Burma has seen substantial change these past few years; a civilian government was formed, political prisoners were released (Suu Kyi herself being one example), and, this April, opposition parties were allowed to take part in the by-elections, carrying 43 out of 44 open parliamentary seats (but continuing to exert little influence overall). However, Burma has yet to fully commit to democracy. The Burmese civilian government still owes its parliamentary majority to the fraudulent elections of 2010, and the current constitution hinders further democratization and gives complete autonomy to the military. This makes it nearly impossible to prosecute Burma’s military rulers, who are guilty of egregious crimes—including the use of systematic rape of ethnic women as a weapon of war, torture, forced relocation and forced labor. All are rampant violations of fundamental international law, including the Geneva Conventions and the UN Charter. The impunity accorded to the military under the current constitution leaves civilian victims, particularly those in the conflict areas of the Burmese border, virtually without legal protection. Activities of the Myanmar military are also in breach of a set of agreements that govern nuclear development.

The Burmese government and the international community must ensure that Burma is meeting international law requirements. Yet, because the constitution gives the military a “legal vacuum” the government would be legally unable to fulfill these obligations. Thus Burma’s new constitution stands in breach of core international commitments.

The Global Justice Center urges the international community to stand with the people of Burma and challenge the legality of the constitution.

(For an in-depth analysis of the constitution and restraint it puts on the civilian government, read GJC president Janet Benshoof’s report, co-written with the Burma Lawyers Council or see the Global Justice Center Project Page on Burma.)

Malawi Upholds International Law for the Sake of Economic Interests

Under the leadership of newly appointed president Joyce Banda, Malawi has refused to host the upcoming African Union summit due to its unwillingness to condone the ongoing impunity of Sudanese leader Omar al-Bashir, who is wanted by the International Criminal Court on charges of genocide, war crimes, and human rights atrocities committed in Darfur under his command. Although an ICC arrest warrant has been out for Bashir since 2010, he has repeatedly attended meetings and summits in a number of African countries over the past two years, including in Kenya, Ethiopia, Eritrea, Djibouti and Chad. Even the former Malawian president Bingu wa Mutharika welcomed Bashir at a regional economic summit last year. As the ICC has no law enforcement mechanism of its own, it relies on the local officials of member nations to apprehend individuals accused of crimes by the Court.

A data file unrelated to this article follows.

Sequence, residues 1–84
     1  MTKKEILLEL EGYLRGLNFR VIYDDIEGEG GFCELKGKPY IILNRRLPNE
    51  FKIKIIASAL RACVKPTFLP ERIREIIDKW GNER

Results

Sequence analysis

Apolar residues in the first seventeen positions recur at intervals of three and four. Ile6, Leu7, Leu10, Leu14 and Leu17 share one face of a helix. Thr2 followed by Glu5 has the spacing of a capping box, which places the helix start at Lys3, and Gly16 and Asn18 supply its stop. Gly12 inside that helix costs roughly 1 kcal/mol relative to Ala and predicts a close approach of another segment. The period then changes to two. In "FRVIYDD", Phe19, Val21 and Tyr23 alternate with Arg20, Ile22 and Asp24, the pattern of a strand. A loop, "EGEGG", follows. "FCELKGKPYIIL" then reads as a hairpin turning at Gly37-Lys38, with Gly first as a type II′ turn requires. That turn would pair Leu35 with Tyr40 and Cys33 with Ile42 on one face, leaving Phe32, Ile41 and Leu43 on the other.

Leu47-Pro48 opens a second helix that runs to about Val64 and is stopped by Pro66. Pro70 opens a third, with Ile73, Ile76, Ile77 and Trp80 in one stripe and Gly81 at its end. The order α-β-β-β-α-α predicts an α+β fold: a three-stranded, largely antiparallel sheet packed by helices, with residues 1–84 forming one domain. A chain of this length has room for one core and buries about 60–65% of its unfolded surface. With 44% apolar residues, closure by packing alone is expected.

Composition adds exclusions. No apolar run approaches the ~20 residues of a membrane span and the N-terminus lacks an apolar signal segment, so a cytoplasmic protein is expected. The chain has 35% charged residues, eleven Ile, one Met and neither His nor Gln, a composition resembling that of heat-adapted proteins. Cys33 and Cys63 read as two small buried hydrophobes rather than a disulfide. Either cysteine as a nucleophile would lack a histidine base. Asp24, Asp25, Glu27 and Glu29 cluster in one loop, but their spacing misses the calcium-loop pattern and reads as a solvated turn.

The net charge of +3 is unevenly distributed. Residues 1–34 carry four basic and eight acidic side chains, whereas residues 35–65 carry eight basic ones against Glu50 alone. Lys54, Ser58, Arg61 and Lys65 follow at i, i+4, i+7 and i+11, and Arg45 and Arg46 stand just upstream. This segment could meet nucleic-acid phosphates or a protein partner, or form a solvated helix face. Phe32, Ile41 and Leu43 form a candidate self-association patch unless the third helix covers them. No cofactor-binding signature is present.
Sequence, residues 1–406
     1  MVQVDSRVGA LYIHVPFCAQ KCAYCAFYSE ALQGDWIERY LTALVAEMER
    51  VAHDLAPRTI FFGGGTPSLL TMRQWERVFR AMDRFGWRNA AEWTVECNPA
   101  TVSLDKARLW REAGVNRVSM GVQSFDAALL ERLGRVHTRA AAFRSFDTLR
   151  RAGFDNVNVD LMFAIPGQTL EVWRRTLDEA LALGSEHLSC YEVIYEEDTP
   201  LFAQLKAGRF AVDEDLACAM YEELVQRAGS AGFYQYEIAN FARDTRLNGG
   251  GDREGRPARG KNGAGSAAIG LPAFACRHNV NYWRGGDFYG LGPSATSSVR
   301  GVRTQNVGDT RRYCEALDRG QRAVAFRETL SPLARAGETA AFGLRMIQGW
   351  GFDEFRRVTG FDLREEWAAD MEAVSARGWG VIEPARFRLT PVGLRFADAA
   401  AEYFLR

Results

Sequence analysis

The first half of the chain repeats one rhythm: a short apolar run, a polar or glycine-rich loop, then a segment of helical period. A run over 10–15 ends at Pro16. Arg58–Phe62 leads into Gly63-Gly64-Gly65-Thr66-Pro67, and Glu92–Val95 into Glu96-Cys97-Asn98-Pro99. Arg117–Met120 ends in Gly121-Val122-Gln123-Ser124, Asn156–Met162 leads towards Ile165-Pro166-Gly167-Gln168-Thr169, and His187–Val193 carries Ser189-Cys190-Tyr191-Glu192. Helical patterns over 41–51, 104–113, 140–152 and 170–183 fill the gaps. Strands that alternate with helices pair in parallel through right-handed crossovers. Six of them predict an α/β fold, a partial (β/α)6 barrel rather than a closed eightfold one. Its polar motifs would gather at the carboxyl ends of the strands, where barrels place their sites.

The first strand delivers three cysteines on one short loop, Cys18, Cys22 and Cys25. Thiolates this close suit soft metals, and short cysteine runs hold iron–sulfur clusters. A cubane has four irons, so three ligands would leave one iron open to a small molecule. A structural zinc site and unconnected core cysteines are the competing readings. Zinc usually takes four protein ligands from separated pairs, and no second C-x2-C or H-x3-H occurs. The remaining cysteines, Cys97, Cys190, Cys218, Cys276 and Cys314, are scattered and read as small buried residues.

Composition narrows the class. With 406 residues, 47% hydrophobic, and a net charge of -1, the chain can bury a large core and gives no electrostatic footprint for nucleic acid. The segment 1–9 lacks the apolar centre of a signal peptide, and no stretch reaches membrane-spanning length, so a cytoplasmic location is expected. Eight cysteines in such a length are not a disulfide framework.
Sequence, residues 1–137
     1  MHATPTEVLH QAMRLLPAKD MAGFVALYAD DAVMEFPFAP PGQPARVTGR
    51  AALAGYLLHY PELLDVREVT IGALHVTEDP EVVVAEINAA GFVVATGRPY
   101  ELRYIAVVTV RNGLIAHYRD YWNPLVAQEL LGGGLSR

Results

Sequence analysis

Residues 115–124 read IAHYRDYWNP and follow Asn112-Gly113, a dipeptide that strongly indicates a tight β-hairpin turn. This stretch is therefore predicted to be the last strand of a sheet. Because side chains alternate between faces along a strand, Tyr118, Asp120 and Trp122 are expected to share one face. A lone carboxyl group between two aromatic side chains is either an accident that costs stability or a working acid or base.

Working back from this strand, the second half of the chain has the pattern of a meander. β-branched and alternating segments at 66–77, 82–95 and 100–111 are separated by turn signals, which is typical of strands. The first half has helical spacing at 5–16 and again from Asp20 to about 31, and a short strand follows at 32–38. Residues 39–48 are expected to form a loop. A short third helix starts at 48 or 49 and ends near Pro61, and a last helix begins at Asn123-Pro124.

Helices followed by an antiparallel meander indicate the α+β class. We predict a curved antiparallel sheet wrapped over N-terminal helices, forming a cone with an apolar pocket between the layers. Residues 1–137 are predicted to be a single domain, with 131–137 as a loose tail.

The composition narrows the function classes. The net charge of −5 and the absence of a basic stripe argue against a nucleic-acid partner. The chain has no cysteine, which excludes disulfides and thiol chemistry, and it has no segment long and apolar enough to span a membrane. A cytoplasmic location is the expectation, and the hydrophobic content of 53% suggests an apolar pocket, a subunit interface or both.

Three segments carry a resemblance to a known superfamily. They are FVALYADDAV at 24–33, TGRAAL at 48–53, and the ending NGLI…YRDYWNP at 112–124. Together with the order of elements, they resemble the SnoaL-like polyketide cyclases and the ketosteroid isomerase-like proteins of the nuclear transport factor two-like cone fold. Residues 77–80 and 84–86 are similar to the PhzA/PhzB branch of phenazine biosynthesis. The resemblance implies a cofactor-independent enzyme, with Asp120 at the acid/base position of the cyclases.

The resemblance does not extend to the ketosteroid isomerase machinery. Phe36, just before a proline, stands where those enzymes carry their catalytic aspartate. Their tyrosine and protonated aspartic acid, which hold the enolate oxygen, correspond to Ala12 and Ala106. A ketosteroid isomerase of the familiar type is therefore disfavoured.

Bashir is wanted by the ICC for multiple international legal offenses as a result of his major role as Sudanese President in the atrocities in Darfur, which began in 2003 and resulted in the deaths of an estimated 300,000 people and the displacement of almost 4 million. In 2009, a warrant was issued for his arrest on five counts of crimes against humanity (murder, extermination, forcible transfer, torture, and rape) and two counts of war crimes (intentionally directing attacks against a civilian population or against individual civilians not taking part in hostilities and pillaging). While the Court stopped short of issuing a warrant on charges of genocide, upon further investigation of the evidence, such a warrant was issued just a year later in July 2010. The effect of charging Bashir with the crime of genocide was to oblige all states party to the UN Genocide Convention (all UN member states) to arrest the accused upon entry into the country or stand in violation of the Convention by condoning impunity for genocide, a significant violation of the convention which could plausibly (and should) result in serious political, diplomatic, or economic consequences.